As I was walking down the hall toward the two housekeepers, one was flipping out.

“I cannot POSSIBLY vacuum all of these bleepity-bleep rooms! I just don’t have time for this bleepity bleep! What the bleeping-bleeper-bleepit do they think they’re doing, scheduling us like this?!”

I got within five steps of them when they checked up, smiled, and said, “Hello ma’am!!”

Housekeeper Number Two said, “What room are you in, honey?”

“Room 205.”

“Okay…lemme check my list here…”

Feeling quite fearful of them dragging their negativity into my room and spewing it all over my pillowcase, I said “Oh it’s okay. You don’t have to clean our room.”

But then Chris, who missed the first half of this exchange, walked up behind me. “But if you have a chance, that’d be great.”

Housekeeper Number Two looked up at him and said, “OH – you were the room that had a Do Not Disturb sign on your door this morning. And you see, I marked it right here on this list. So I’m afraid we cannot clean your room today. Because I already marked it. On my list.”

I agreed with her that this made perfect sense and hurried Chris onto the elevator before he asked for toilet paper or some other rage-inducing item.

But when we got back to our room that evening, I unapologetically hung our other hang tag. Yes – the one that has a variation in every hotel – just for funsies.


That’s right, Wingate. I see your ridiculously unrelated guilt trip and I call your bluff. I don’t mind killing a white fluffy bunny so I can have clean sheets today*. GO KILL ME A BUNNY.

*No superfluous linens were received nor bunnies were harmed in the making of this blog post. The writer does not encourage the death of any bunnies, regardless of the super high threadcount sheets they can be made into.

12 thoughts on “The Convenient Truth.

  1. I think Baymont is at least a little nicer than any of those places listed after it, so I suspect they’re trying to confuse you with that hierarchy.

  2. Most hotels outsource their linens and pay by the pound. I honestly think the signs are more about bringing awareness to people that maybe, if you hang your towell up and don’t wad it on the floor, you could use it more than once. As for the rest of the signs: organizations have to put up all those stupid signs for insurance purposes- it’s not hotels, but insurance companies that think the masses are stupid (and you’d be surprised how dumb people on vacation can really be!! It’s like they all forgot to pack their brains) and the maids… Do you have any idea what those men and women make? It ain’t much and if I had to guess, your hotel is was understaffed and these two maids were having to clean double the amt of rooms between checkout at 11 and check in at 3… Then think about all the people that bitch about wanting early check in and those that drag their feet checking out. My advice: tip the maids the first day of your stay and it will go far!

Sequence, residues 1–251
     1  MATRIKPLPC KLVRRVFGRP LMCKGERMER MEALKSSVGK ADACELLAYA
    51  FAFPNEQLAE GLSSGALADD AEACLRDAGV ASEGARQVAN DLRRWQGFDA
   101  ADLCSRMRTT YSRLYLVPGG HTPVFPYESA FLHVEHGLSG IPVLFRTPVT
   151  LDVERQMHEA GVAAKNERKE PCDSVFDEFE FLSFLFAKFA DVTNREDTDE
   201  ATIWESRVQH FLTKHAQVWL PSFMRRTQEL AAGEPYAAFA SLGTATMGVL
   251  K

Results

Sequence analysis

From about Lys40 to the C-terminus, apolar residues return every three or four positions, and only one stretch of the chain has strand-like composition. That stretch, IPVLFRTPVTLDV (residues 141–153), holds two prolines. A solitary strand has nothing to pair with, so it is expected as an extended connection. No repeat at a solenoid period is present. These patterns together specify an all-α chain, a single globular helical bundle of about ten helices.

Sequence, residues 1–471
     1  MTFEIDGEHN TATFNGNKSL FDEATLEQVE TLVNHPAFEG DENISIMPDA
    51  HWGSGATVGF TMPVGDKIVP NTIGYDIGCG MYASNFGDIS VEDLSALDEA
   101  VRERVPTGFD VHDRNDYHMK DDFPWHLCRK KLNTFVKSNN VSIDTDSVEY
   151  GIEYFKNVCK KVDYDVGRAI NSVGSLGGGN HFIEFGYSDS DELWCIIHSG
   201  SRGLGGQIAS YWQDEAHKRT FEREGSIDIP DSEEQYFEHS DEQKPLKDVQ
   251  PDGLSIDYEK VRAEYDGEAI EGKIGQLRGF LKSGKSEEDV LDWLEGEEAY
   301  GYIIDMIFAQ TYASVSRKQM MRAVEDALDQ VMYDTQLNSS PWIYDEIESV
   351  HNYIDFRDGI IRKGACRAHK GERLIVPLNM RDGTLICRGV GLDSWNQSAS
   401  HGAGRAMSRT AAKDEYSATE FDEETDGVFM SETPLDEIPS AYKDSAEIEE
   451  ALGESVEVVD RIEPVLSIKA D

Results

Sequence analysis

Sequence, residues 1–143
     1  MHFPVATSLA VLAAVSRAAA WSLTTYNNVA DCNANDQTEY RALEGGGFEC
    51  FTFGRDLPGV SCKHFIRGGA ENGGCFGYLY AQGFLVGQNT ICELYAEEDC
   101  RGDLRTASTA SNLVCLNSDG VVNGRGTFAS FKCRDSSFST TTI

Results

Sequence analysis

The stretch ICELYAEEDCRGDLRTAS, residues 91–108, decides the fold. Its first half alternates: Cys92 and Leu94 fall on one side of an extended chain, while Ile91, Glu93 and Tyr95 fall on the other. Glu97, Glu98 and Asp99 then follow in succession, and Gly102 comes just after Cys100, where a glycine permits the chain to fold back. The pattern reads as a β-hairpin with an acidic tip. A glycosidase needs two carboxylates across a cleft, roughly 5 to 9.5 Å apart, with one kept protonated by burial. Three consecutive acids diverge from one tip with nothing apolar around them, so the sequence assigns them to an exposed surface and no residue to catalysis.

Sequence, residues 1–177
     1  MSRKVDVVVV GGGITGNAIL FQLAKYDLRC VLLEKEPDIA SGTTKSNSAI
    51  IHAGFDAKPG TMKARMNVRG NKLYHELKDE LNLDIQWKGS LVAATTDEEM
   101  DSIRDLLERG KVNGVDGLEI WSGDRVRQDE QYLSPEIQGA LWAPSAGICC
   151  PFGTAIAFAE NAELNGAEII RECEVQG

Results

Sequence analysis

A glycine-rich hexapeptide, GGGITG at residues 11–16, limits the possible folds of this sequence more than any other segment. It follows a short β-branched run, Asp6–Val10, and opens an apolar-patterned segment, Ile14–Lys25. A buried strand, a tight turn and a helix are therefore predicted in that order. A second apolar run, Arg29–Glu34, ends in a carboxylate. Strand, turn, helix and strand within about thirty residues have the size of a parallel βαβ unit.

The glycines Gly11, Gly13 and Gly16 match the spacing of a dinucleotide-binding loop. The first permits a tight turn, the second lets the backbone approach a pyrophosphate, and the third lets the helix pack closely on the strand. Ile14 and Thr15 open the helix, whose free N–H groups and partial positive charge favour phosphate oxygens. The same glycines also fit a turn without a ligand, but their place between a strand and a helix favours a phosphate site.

I have spent years living in a hotel and working closely along with housekeeping.
    I love your blog! You have a great sense of humor and I know everything is in cynical jest. Just wanted to shed some light on the subject from the other side :)

    1. Thanks for the insights! Yes, I was being cynical and jesting. But it’s always good to learn. :-)

      (Also – I wash my towels and linens WAY to rarely at home. So I figure I’m saving the environment by my own laziness too, right?) :-)

  3. Lol! Love this! I don’t know what it is but I can never get a hotel NOT to clean our room! When we go with T to conferences and stuff we are pretty much in and out of the room all day so I will sometimes ask them at the lobby if they could just skip it. They never do. It’s always made up, with clean towels and everything. Even if they are hanging. It’s like they just can’t force themselves NOT to clean the room. And of course we always come back right when they are in the middle of it so we have to go find something to do while they finish it up. :P

  4. Don’t accidentally join Wyndham rewards! They will call you way too often to try to convince you to go to their resorts. They’re very friendly, but relentless.

  5. I worked in the hospitality industry for 16 years. Some outsource linens, some don’t. I do know, based totally on that experience, that I don’t believe anything in any hotel is clean enough for me to touch. Lysol wipes. Lysol spray. Bedbug checks. Not. Even. Kidding.

    Also – am I the only one who thinks that if you walked into the pool area, and another parent happened to be in there with less than 4 kids, then you’re completely within bounds to just send your children in?